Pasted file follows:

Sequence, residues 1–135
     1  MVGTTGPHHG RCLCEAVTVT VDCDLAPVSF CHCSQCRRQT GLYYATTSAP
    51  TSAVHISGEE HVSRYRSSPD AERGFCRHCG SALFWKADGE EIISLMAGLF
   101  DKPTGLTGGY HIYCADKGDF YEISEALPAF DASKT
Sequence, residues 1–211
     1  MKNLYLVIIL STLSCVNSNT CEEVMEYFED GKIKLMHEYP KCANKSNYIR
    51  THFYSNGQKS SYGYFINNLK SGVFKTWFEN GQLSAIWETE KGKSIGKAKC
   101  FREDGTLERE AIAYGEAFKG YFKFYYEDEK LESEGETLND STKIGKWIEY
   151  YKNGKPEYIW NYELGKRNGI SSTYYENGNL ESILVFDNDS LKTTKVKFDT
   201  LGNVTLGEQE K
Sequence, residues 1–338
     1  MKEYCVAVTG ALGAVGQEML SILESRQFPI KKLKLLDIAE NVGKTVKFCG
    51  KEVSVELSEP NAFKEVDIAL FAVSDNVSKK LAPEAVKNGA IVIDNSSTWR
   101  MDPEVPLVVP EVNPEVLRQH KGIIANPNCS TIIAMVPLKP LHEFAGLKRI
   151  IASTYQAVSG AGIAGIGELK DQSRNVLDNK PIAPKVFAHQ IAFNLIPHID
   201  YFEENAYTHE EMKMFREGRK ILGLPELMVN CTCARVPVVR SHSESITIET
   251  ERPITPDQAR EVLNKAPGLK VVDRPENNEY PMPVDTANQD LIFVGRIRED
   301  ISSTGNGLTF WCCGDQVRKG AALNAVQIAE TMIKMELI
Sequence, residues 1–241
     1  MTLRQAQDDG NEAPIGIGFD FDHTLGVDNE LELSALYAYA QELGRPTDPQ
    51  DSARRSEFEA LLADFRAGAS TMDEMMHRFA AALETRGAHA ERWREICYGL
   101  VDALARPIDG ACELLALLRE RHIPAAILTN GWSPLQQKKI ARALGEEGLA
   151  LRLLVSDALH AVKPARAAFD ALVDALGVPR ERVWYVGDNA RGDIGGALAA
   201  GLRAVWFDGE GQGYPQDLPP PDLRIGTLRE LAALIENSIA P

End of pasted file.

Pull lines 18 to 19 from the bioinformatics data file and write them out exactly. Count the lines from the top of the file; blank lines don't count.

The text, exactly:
   301  ISSTGNGLTF WCCGDQVRKG AALNAVQIAE TMIKMELI
Sequence, residues 1–241